3. There was a disturbing lack of car trouble in this movie. How can this be a Friday the 13th movie if the only reason that a car doesn’t start is that there are no keys? Did someone open that Crystal Lake auto repair shop? Cause that was my idea!
  4. Also, the guy who tells the campfire story of Jason does a terrible job. It’s not suspenseful and there is no one to jump out at the end. Come on man, learn to tell a story, otherwise this is just lazy.
  5. This stars Jared Padalecki and there is no Jensen Ackles in the movie. Come on Sam Winchester, you can’t win this without your bro.
  6. I didn’t find the kills in this one particularly inventive. I know after all those movies that came before it’s hard to come up with something new but try a little harder guys. I saw a circular saw and you know how many people got killed with one? Absolutely none.
  7. Jason doesn’t kill Whitney (the missing sister) because she looks like his mother. But he basically keeps her prisoner in his house. Sorry but this makes no sense. Why would Jason take his own mother prisoner. Also, Whitney finds out right in the beginning that she looks like his mother but doesn’t really pull the whole impersonating his mother until the end of the film. What? Why not? I mean she could have done that in the first fifteen minutes and then the movie is over.
  8. Trent is a jerk. They make Trent such an obvious jerk in this movie that you can tell the film makers were like, here’s the guy you can cheer for when he gets killed. Look how jerky his jerkiness is. Let’s make him more of a jerk. Wait he’s not jerky enough so let’s have him cheat on his girlfriend so the audience understands how jerky he is! So yes, there are not one but two attractive women who just want to be all over Trent even though… he is a jerk. Okay…
  9. I did not see an old man warns those kids away from that place scene. This movie fails. The closest we get is an old woman telling Clay that “he just wants to be left alone” with no other explanation. I need an old guy warns people away scene. If you make a sequel to this movie, hire me for that scene, I am available. Also, I work cheap.
  10. While Derek Mears does a great job playing Jason, he’s on camera too much. These movies are always better when you are not sure when he’s going to pop up or from where. As soon as we see Jason, it gets a little less scary and in this one we see him almost right from the beginning. The early ones hid Jason a lot more and that worked to their advantage.
  11. The jump scare at the end of this was so predictable. Again, if we have seen it a bunch of times, even though you are doing a reboot, we are going to see it coming. How about just try something new? Oh wait, you can’t. That’s why you did a reboot. Okay fine.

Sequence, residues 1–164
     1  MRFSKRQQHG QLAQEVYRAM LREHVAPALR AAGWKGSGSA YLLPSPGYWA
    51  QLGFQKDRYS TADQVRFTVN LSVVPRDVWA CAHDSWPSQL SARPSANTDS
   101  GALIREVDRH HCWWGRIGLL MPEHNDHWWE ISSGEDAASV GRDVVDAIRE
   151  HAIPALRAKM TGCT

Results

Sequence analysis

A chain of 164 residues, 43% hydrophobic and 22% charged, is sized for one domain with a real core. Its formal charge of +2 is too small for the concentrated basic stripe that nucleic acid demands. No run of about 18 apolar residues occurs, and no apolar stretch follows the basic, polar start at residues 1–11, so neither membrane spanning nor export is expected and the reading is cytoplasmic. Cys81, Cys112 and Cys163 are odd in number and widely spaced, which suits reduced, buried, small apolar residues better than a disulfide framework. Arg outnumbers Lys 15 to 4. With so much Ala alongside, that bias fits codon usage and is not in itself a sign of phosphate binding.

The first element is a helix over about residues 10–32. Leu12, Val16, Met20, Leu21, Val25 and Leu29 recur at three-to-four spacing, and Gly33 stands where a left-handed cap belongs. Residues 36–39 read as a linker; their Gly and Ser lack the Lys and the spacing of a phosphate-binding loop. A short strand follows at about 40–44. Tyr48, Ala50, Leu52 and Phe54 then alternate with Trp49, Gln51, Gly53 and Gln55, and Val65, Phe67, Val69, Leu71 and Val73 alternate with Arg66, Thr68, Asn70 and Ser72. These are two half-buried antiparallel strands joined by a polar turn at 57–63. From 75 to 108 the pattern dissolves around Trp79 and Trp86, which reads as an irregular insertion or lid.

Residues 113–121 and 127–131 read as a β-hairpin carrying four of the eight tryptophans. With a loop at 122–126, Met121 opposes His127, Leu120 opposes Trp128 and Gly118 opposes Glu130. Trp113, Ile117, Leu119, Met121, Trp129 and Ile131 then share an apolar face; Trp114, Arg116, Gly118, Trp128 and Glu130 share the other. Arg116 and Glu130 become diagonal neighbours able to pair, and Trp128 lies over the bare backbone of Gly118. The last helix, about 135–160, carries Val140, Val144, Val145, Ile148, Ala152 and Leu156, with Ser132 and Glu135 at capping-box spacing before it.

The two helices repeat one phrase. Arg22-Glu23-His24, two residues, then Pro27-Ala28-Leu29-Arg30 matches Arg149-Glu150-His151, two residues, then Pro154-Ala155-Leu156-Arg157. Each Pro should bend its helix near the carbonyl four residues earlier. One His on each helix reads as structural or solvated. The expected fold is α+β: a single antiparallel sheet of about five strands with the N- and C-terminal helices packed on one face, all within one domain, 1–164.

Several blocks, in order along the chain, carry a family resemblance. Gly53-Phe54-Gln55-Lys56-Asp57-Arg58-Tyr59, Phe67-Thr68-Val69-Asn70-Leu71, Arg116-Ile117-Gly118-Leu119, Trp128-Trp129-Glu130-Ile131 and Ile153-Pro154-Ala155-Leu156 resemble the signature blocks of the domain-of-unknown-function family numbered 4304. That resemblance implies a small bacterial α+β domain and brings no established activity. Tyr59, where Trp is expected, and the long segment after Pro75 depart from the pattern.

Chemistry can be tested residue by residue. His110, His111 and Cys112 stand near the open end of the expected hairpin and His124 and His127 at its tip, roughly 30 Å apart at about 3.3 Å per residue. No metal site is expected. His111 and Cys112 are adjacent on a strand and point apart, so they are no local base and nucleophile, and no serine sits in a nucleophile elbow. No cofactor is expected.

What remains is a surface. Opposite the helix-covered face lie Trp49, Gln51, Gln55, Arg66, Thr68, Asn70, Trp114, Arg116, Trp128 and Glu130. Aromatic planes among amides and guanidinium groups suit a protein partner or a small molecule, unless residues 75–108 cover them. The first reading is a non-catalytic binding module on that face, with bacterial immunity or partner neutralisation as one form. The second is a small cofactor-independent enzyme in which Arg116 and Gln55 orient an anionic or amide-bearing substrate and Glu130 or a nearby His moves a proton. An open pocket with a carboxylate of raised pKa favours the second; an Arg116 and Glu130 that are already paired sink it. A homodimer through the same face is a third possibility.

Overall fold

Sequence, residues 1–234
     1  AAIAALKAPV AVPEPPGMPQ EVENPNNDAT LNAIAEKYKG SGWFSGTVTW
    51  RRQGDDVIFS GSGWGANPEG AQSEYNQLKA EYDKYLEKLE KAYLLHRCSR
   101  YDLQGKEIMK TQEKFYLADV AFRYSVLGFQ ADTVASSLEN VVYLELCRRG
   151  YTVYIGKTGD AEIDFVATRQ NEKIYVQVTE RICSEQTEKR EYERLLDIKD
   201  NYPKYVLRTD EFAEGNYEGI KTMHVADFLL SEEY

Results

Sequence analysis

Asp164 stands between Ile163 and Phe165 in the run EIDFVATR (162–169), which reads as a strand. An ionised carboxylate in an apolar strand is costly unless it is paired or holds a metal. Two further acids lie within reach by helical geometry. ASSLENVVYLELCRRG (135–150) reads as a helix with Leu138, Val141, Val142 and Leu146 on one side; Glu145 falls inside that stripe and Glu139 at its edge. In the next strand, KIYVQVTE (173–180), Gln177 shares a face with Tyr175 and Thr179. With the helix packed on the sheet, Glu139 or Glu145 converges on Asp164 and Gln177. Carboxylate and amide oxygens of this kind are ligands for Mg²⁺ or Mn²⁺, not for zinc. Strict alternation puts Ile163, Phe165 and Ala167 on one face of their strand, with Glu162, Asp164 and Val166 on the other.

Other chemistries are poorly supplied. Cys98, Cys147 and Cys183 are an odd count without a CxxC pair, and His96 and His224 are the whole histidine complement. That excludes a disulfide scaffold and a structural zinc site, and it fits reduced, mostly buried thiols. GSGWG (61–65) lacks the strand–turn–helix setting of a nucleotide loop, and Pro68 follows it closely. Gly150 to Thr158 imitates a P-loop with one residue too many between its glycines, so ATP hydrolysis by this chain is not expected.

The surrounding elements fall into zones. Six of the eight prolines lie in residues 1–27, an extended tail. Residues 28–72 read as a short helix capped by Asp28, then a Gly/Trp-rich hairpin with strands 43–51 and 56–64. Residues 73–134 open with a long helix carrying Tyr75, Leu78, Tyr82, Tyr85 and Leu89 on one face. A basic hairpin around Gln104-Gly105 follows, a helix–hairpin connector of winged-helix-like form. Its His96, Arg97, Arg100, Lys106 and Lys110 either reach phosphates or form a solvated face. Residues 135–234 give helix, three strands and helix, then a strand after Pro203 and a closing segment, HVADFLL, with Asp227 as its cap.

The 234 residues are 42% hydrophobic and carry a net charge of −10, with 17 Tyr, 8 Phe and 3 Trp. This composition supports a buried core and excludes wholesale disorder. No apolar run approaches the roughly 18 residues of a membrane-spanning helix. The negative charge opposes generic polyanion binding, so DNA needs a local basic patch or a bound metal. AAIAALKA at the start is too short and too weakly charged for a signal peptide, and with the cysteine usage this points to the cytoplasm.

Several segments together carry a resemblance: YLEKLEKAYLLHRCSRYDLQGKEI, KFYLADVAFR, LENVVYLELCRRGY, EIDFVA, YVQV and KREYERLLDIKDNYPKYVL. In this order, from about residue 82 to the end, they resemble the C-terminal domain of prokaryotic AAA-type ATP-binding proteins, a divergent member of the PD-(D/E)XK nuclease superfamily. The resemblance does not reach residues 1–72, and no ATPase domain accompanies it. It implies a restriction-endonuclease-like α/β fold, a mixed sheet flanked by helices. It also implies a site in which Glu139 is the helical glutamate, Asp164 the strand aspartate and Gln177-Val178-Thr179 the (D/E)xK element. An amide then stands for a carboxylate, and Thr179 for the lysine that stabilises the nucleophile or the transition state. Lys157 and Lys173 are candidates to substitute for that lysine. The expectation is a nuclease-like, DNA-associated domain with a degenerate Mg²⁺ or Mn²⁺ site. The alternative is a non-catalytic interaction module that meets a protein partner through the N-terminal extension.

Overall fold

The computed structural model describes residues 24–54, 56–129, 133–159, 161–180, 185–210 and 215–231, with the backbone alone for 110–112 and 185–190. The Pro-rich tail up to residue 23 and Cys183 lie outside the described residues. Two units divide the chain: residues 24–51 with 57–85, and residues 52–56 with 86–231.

12. For a reboot though, this is actually not that bad. I have definitely seen worse reboots. It just never felt… necessary to me though.
  13. This film make the 12th movie about the Voorhees in the series. Can we please, please get one more? Let’s get everyone who survived these to team up and hunt down Jason. And let’s make sure that I am there warning those kids away from that place!

I hope you have enjoyed my reviews of this series. It was fun to take a look at these movies again. Until next time, I’ll be hanging out at a local hardware store near a lake and telling people not to go to that place.

Superstitiously yours,

Slick Dungeon

PS Want to see Sam Winchester without his brother and Killer Frost without the Flash face off against the Voorhees family? Check it out below.

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Roland’s Path – #BookReview

Note: this review was first posted on Reedsy Discovery, an awesome website that pairs independent authors and readers. To see the post there click here.

SYNOPSIS

When two servants of evil escape during young Roland’s watch, he is driven by his own shame and vanity to take up his axes and track them down himself. Raised on the rural edges of Gallhallad, can he survive the dangers and complexity of the road ahead?With the help of his lifelong friend Eldryn, the Cavalier hopeful, and an uneasy bargain with a dagger wielding cutpurse, Roland pursues a wizard of unknown powers and a woman of uncommon beauty and skill.Will Roland’s vanity not only doom him, but a kingdom he hoped to one day serve as well?In Roland’s world of Stratvs, vanity has a high price. A price paid with the blood of the innocent and the guilty. Around him, swords once pledged to justice rust on the altars of the self-righteous.

REVIEW

3/5 Stars

Roland and Eldryn are young men who have large shoes to fill. Roland is trying to live up to his father’s expectations and has his first test before him when two prisoners escape under his watch. This leads to an epic adventure across the lands where danger is around every corner, friends are few and knowledge and training make the difference between life and death. Roland and Eldryn make an alliance with a cutpurse to help them track down and return the escaped prisoners. They will be tested, challenged and hunted. Will they be able to survive, return the prisoners and fight with enough honor to make their ancestors proud?